Glossary of Chemistry Midterm 2006
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- Kinetic Energy
- energy in motion
- SI unit of energy
- SI unit of heat
- What's an isotope and how does it affect atomic mass?
- An isotope is an atom with the same number of protons but a different number of neutrons. It affects atomic mass because different isotopes of the same element have different numbers of neutrons, which makes it different sizes.
- Calculate the number of protons, neutrons, and electrons in an atom, given its atoc number and atomic mass.
- atomic number = protons. If it is an atom, not an ion or an isotope, it has an equal amount of electrons. Neutrons = Atomic Mass – Atomic Number
- What is an isotope?
- same # of protons, different # of electrons
- Dalton's theories
- All elements are composed of atoms
All atoms of a certain element are identical, but unique from other elements atoms.
Atoms are neither created nor destroyed
A given compound always has the same ratio of kinds of atoms.
- What was Thomson's contribution to the atomic model?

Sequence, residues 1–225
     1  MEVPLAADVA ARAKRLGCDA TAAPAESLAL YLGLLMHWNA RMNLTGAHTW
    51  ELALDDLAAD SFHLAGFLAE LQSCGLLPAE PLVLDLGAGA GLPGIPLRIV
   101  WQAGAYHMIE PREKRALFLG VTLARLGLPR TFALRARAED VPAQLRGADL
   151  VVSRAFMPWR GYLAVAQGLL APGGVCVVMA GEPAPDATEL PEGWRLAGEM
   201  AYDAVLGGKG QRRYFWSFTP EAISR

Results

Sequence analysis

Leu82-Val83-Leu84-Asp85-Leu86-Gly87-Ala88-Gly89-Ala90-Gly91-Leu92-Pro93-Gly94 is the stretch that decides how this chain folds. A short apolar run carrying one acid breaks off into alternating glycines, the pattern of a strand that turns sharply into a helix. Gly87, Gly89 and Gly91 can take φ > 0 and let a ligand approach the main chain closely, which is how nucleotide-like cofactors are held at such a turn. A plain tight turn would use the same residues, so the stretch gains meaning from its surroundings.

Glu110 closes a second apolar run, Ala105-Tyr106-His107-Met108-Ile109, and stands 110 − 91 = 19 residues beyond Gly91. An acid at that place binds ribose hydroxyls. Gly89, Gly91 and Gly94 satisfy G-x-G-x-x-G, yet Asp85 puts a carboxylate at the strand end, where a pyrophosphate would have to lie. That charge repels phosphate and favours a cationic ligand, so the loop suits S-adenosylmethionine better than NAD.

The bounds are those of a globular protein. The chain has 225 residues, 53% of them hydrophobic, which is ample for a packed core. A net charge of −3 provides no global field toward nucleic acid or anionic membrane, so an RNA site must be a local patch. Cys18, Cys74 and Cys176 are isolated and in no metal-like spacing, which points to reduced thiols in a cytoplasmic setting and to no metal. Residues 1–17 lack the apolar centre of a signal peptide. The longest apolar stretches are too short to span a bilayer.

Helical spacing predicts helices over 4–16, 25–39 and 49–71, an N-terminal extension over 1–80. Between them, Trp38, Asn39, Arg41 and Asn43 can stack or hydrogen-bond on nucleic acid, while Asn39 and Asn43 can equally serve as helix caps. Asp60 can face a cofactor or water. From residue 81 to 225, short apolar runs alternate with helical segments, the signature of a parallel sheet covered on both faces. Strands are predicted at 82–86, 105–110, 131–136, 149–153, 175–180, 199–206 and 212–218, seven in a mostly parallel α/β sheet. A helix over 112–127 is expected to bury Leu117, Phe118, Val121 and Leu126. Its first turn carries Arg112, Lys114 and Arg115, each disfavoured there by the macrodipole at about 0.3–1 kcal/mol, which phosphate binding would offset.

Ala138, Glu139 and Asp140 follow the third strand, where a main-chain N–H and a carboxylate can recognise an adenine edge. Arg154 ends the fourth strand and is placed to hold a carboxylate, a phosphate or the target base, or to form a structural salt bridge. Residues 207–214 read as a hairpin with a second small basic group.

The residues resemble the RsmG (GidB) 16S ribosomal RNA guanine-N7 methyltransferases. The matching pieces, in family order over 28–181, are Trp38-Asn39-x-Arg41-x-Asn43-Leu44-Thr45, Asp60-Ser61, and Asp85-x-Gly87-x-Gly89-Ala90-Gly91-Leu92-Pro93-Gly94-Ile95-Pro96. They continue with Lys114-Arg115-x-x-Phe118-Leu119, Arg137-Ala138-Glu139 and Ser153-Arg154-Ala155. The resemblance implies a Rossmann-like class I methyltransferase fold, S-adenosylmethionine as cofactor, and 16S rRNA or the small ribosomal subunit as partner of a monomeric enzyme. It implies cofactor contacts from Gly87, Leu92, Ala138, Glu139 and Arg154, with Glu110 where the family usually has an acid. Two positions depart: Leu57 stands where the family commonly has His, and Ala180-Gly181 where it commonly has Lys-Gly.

- he discovered electrons through the cathode ray tube.
- What was Rutherford's contribution to the atomic model?
- He discovered radiation
- What was Millikan's contribution to the atomic model?
- He created the oil-drop experiment, through which he calculated the mass of an atom
- What is Planck's Theory of Energy Quanta
- There is a fundamental restriction on the amount of energy that an object emits or absorbs. Each of those peices of energy is called a quanta.
- Compare and Contrast the Bohr model with the quantum-mechanical model of the atom. Explain how electrons are described in the two models
- According to the quantum mechanical model, electrons have no precise orbits. Instead, their motion cano bly be described by the probability of finding them in certain regions surrounding the nucleus. In the Bohr model ,there are specific orbitals in which the electrons move.
- State the three ground principles by which we can predict the locations of the electrons in the ground state of an atom
- The Aufbau Principle: Add electrons to the lowest levels until all have been accounted for.
The Pauli Exclusion Principle: An orbital can have a max of 2 electrons, and those 2 electrons must have opposite spins.
Hund's Rule: Fill up each orbital before moving onto the others.
- How are different colors in neon signs and fireworks produced.
- As the excited electrons return to lower orbitals, they emit light energy in those colors.
- Electron Affinity
- the energy change that occurs when it gains an extra electron
- An atom's ability to attract electrons in a chemical bond
- Where are metals, transition metals, nonmetals, and semimetals found in the periodic table?
- metals: left
transition metals: middle
semimetals: right, between nonmetals and metals
- What is the order of orbitals?
3s 3p 3d
4s 4p 4d 4f
5s 5p 5d 5f
and make a swervy line
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